Action

Ask yourself:
Who do I want to attract to the site?
Your answers might be:

  • People who want to make an FOI request
  • Journalists who want to research a story
  • People who will benefit from reading the responses to existing FOI requests
  • People who don’t know what FOI is, but might make a request if they did know
  • People who don’t know what FOI is, but will benefit from reading some of the responses on the site

...or it might be all of the above. That’s fine too.

It’s very useful to define each group of people and their needs. It means that when we are deciding on:

  • keywords to bid on
  • the text of the ads that we create
  • the pages that users will land on
  • the goals we want to achieve

we can make each of them as relevant as possible for each group.

Action

Now ask yourself the next question:
What do I want these people to do when they come to the site?
Possible answers might be:

  • Make an FOI request
  • Find out what services we offer to journalists
  • Read existing FOI requests
  • Read existing FOI requests and then go on to make their own
  • Learn about their rights under the FOI act and then go on to make a request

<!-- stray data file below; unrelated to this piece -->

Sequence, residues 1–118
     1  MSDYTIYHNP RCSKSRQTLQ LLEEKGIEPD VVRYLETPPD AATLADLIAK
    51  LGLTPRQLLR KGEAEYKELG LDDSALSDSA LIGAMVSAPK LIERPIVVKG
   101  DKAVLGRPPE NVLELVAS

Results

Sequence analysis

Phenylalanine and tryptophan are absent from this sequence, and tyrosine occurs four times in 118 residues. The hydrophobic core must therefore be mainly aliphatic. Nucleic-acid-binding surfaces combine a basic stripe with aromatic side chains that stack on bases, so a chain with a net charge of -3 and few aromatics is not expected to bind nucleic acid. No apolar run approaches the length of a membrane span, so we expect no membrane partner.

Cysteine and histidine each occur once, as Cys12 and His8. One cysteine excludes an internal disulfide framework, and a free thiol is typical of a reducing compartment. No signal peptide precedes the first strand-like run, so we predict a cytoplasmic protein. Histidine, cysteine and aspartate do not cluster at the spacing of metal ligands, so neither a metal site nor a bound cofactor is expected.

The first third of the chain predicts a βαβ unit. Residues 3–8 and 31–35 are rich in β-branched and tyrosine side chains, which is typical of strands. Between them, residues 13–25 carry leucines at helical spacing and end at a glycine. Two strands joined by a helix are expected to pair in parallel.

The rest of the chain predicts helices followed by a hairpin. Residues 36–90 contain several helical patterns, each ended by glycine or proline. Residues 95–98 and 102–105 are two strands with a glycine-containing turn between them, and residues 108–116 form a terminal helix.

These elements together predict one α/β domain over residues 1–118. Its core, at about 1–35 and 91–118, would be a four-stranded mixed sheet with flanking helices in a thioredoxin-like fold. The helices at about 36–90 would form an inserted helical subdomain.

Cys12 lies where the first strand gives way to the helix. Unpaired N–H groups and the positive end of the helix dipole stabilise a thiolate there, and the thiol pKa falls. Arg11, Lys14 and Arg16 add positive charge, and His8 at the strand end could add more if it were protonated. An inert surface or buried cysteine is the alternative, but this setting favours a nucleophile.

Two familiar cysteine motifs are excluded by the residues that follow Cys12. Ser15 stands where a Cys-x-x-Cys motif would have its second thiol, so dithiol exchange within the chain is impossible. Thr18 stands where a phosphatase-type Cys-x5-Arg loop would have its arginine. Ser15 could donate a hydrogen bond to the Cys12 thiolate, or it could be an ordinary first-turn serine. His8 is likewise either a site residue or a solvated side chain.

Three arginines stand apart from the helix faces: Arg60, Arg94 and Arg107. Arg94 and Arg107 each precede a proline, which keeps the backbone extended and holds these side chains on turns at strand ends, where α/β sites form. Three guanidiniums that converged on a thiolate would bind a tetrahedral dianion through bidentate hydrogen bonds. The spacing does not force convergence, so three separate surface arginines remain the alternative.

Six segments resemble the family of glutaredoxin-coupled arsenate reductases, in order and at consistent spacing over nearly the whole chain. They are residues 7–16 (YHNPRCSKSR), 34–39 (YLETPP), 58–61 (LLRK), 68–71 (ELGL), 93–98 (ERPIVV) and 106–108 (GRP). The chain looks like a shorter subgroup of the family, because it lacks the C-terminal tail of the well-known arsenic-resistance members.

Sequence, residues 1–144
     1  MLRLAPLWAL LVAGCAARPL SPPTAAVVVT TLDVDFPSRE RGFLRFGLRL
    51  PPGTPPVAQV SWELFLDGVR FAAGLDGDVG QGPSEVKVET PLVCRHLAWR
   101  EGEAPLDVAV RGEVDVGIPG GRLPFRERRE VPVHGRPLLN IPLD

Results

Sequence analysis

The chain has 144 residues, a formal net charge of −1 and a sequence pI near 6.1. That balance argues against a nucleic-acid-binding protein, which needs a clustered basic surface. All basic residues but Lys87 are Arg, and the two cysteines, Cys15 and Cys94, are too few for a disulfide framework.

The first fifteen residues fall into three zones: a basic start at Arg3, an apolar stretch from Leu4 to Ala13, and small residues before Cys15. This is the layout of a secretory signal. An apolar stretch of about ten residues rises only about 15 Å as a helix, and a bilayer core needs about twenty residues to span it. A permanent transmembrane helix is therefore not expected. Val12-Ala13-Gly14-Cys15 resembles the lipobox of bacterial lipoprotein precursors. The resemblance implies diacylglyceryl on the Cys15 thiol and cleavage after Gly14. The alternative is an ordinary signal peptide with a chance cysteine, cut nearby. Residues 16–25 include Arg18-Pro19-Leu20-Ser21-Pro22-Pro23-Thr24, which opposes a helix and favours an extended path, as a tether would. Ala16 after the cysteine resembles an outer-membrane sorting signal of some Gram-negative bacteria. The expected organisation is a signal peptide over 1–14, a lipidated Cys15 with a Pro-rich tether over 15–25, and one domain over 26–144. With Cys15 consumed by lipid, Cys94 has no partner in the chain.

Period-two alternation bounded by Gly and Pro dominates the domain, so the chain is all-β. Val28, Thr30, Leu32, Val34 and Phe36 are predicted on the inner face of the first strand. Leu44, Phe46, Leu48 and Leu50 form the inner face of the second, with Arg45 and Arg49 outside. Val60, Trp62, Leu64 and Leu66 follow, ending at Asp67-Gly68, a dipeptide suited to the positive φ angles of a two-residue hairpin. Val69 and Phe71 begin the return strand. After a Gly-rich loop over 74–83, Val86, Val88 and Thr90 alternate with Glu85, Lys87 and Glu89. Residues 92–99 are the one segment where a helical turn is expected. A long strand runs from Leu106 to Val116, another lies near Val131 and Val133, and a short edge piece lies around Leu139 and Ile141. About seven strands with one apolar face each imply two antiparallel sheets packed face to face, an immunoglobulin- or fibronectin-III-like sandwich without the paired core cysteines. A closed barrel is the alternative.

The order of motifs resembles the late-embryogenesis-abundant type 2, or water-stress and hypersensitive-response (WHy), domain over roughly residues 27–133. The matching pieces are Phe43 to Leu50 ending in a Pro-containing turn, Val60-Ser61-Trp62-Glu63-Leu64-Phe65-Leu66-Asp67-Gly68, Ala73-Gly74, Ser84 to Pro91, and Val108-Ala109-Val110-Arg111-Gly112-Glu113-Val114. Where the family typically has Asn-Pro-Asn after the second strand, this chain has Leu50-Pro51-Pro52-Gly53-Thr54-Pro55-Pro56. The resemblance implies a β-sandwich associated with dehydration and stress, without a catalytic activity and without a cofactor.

...or perhaps you’ll have your own answers, according to the background of your project, your knowledge of its users, etc. That’s fine, so long as you have some clearly-defined groups and actions.

What keywords do you need?

When you set up your Adwords, you’ll tell Google which searches you want your ads to display for.

The best way to decide on these keywords is to ask yourself, for each of the groups of people you have defined above, ‘if I were one of these people, what would I type into Google to answer my need?’.

Action

Start a spreadsheet or use our template. Use a different tab for each of the groups of people you identified above.

spreadsheet layout

Now we’re going to fill it with keywords.

Methods for finding keywords

Action

As a first step, make a list of 10–20 search terms for each type of person. Add these to your spreadsheet, on the relevant tabs for each type of user.